Jump to content

KODAK 4125 Professional Copy Film - what you cannot do with it.


Recommended Posts

About 4 years ago I discovered by chance this 4125 film. The description

of its characteristics, especially the claim of 'Increased highlight contrast'

caught my attention. Since I am a skier, I had a project in mind - 'The

Great White Silence' - scenic photography of the High Tatras in winter.

What a better material one could ask for to shoot snowy scenery than on a

film with extended highlight contrast? This must be something for me!



Here is the film description:

KODAK Professional Copy Film is an orthochromatic film (sensitive to

blue and green light and ultraviolet radiation) designed for copying

continuous-tone originals.

This special-purpose film works differently than other

black-and-white films. Generally, the contrast of negatives is controlled by

development. However, with this film, contrast in the negative is controlled

by both exposure and development.

Speed Tungsten: ISO 12/12




* Fine grain, medium resolving power

* Highlight contrast largely controlled by exposure

* Increased highlight contrast

* Avoids the flat look typically associated with camera films; retains

highlight tones of the original



My joy was short-lived, however - the next thing I learned was that: 'KODAK

Professional Copy Film/4125 will be discontinued in April, 2002 when

stocks are expected to be depleted'.


So I rushed to the stores on Manhattan and ebay. I was able to acquire

enough, I hope, 4x5 sheets and related sizes, to complete my project. I

still have some 1000 sheets of this film. And here we are. What you (or I?)

can do with it.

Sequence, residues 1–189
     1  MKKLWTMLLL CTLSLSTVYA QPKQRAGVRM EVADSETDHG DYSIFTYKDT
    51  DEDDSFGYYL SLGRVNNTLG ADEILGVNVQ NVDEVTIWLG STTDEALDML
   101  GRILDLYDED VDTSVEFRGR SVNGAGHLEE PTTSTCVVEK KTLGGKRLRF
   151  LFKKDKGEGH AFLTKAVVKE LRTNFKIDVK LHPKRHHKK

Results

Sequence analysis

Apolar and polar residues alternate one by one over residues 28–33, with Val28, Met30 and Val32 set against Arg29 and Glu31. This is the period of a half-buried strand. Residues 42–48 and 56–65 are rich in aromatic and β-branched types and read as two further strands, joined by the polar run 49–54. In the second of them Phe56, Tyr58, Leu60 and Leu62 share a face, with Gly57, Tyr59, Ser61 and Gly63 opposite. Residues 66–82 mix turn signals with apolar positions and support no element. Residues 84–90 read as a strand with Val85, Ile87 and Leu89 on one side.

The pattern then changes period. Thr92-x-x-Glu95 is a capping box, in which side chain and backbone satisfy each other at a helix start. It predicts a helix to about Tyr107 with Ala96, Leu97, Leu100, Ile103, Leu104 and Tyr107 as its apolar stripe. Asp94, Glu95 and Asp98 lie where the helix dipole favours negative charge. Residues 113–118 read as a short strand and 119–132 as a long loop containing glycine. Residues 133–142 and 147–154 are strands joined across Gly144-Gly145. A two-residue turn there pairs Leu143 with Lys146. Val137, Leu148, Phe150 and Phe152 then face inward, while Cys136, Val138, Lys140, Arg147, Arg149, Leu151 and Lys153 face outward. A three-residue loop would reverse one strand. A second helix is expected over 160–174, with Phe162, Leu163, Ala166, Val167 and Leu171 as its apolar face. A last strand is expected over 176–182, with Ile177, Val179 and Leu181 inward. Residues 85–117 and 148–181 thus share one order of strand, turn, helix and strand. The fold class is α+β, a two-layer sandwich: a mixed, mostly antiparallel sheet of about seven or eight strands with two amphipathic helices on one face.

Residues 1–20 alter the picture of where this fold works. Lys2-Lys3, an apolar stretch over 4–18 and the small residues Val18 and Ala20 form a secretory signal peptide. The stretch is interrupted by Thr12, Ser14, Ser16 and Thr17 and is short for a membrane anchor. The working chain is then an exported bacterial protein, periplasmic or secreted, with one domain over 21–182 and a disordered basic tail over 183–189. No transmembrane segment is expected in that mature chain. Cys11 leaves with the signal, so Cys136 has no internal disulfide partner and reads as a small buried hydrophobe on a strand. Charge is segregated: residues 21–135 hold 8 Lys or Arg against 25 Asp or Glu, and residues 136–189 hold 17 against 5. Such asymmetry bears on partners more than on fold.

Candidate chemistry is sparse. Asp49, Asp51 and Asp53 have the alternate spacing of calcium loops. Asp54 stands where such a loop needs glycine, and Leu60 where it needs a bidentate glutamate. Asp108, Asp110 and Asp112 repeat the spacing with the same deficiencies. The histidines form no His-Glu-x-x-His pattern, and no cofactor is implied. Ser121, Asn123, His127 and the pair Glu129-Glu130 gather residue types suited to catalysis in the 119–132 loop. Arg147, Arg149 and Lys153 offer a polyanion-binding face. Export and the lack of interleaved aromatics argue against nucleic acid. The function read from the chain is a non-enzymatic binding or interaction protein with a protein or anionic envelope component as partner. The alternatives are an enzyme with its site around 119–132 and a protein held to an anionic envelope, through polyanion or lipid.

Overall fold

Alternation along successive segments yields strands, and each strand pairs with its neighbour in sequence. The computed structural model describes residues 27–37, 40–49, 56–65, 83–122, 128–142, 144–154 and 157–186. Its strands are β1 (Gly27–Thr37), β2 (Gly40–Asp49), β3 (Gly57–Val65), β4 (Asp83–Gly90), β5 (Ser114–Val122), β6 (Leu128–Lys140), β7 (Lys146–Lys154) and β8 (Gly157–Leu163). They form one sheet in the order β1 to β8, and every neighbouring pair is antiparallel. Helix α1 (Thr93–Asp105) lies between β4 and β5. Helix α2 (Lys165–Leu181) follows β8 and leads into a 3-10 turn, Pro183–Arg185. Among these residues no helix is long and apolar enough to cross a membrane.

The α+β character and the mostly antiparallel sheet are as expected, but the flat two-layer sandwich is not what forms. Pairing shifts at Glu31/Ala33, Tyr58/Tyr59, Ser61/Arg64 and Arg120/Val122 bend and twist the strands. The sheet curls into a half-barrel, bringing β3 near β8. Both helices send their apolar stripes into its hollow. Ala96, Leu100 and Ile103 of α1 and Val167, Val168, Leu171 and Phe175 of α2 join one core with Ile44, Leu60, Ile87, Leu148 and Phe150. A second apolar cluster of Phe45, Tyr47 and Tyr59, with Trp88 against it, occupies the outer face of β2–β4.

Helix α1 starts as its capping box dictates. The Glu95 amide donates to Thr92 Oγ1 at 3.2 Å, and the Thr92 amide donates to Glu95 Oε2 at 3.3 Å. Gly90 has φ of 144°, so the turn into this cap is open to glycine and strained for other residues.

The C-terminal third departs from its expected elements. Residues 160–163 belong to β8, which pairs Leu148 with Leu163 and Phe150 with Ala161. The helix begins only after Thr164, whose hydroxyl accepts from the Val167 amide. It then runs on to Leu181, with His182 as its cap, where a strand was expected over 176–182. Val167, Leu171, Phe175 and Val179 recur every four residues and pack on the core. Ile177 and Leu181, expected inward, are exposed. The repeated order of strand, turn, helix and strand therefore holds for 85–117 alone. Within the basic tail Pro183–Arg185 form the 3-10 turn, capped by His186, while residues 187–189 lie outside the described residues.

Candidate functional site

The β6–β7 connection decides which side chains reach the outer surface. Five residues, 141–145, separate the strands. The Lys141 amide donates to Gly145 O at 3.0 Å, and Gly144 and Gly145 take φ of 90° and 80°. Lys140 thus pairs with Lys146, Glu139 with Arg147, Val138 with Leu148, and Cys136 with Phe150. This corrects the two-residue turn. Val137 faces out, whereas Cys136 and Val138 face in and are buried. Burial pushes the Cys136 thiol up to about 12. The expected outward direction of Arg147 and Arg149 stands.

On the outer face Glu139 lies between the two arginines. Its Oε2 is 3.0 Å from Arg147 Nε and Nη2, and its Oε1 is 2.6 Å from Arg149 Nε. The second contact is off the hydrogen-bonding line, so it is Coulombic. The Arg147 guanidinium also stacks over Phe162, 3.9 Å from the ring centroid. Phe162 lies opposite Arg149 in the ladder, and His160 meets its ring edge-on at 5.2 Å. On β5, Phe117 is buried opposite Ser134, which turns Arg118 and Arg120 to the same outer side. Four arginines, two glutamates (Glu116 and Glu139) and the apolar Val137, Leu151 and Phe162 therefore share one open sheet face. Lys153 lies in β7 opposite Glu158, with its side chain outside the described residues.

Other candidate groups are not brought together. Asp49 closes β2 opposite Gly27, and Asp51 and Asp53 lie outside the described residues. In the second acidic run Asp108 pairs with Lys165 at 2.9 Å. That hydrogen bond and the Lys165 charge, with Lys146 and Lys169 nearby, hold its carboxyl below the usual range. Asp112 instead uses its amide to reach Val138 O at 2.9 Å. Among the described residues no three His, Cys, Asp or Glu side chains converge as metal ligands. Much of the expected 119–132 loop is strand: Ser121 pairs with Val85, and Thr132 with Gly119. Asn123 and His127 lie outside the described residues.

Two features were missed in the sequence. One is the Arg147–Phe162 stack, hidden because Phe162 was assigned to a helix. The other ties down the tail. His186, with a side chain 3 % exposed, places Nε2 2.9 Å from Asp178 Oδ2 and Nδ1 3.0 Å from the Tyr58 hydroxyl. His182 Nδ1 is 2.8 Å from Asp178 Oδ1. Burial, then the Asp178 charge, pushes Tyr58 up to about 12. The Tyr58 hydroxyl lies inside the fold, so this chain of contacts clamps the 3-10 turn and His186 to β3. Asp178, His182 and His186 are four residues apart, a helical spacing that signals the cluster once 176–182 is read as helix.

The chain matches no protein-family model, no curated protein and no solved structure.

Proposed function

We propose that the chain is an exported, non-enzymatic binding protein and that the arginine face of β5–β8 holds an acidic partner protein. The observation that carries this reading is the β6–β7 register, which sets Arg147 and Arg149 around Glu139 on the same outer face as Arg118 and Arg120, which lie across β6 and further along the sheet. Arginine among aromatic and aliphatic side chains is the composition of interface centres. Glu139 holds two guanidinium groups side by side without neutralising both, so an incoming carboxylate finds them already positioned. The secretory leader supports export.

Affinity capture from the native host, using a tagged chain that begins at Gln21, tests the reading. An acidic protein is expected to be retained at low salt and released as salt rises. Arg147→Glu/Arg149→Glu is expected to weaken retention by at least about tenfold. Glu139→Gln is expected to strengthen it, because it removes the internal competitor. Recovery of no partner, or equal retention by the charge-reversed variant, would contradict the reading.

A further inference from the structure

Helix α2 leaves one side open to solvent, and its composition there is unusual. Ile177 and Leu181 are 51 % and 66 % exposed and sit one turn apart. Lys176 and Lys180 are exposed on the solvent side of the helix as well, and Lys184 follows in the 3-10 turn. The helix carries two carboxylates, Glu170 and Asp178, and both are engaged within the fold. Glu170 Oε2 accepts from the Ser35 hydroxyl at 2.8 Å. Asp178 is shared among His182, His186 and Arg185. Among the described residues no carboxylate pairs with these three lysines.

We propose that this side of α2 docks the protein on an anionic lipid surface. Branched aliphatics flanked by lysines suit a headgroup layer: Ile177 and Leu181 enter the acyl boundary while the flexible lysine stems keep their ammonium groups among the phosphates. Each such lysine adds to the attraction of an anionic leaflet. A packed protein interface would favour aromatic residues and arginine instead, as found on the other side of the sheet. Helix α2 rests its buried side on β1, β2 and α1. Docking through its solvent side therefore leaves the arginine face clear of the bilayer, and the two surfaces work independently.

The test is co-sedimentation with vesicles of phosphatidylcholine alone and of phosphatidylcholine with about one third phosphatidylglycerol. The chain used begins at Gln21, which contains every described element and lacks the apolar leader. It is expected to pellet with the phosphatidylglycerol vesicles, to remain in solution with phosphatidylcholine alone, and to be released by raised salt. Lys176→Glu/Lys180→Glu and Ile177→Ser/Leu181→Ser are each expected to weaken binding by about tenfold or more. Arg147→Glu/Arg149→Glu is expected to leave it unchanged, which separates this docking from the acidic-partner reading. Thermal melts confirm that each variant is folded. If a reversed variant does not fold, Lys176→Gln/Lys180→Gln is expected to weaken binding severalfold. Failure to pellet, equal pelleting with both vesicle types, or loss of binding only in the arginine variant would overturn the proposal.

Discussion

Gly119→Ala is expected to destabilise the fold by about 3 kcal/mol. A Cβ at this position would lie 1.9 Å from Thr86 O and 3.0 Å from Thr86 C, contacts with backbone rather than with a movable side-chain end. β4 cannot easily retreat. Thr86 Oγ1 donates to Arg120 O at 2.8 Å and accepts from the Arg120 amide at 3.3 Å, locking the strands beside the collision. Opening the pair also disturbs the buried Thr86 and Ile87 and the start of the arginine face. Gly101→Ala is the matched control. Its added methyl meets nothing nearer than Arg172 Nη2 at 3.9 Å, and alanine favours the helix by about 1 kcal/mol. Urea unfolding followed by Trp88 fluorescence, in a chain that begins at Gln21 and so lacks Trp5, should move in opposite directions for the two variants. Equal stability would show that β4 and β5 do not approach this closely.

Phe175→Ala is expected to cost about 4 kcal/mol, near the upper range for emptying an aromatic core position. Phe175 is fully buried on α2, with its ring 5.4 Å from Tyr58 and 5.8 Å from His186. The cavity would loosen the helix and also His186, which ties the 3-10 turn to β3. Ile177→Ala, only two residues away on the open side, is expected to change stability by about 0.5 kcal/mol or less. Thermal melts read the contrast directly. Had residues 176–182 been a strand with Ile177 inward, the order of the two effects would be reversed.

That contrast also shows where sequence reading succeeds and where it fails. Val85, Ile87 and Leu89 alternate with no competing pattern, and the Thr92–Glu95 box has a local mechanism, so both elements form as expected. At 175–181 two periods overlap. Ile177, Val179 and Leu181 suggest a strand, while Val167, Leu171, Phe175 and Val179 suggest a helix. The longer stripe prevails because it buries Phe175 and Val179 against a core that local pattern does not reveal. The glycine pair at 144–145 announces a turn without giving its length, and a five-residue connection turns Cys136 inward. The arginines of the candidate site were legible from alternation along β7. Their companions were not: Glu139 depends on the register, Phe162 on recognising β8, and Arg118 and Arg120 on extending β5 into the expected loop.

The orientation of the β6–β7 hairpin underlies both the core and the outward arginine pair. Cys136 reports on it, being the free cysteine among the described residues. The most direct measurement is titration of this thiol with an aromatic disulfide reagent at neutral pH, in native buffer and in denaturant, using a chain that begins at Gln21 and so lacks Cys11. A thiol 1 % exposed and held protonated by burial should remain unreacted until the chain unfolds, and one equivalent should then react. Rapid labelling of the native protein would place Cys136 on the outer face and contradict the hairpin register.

After some experimentation in winter 2002 in the local park and

developing for 4 to 5 minutes, according to Kodak recommendations, in

HC-110 developer, I concluded that the prescribed time was too short to

achieve uniform density over featureless areas like cloudless sky. I then

switched to my favorite fine-grain soup of Microdol-X. Developing for 8-9

minutes gives you what you need.


This film is built up of two different emulsions. As a result, if you increase

the exposure, the contrast in the highlights changes at a greater rate than

that in the midtones and the shadows. The latter is determined primarily

by the development time. What a marvelous opportunity for



There is a complicated procedure to determine the correct exposure and

development time, which works with a constant source of illumination.

Out in the field you need to work around those standardized steps and

develop your own recipe. Knowing all the technicalities I was ready to go.


Unfortunately, my working schedule became such that I have to teach the

Spring semester here in the US and I cannot go to Europe in winter.

Instead, I am there through every summer and I managed to complete the

?Silence of the Rocks? project, which I am going to present here later.

However, in 2005 I took a two weeks break in March/April which I spent in

the Tatras. Actually I spent in the mountains 3 days; 2 days shooting and

the third one I could not resist, but to ski only. What a torture, either you

ski, or you shoot, cannot do both at the same time!


Here are several examples of photographs captured with Linhof Technika

(and skis) on the 4125 film, during that one memorable day of Palm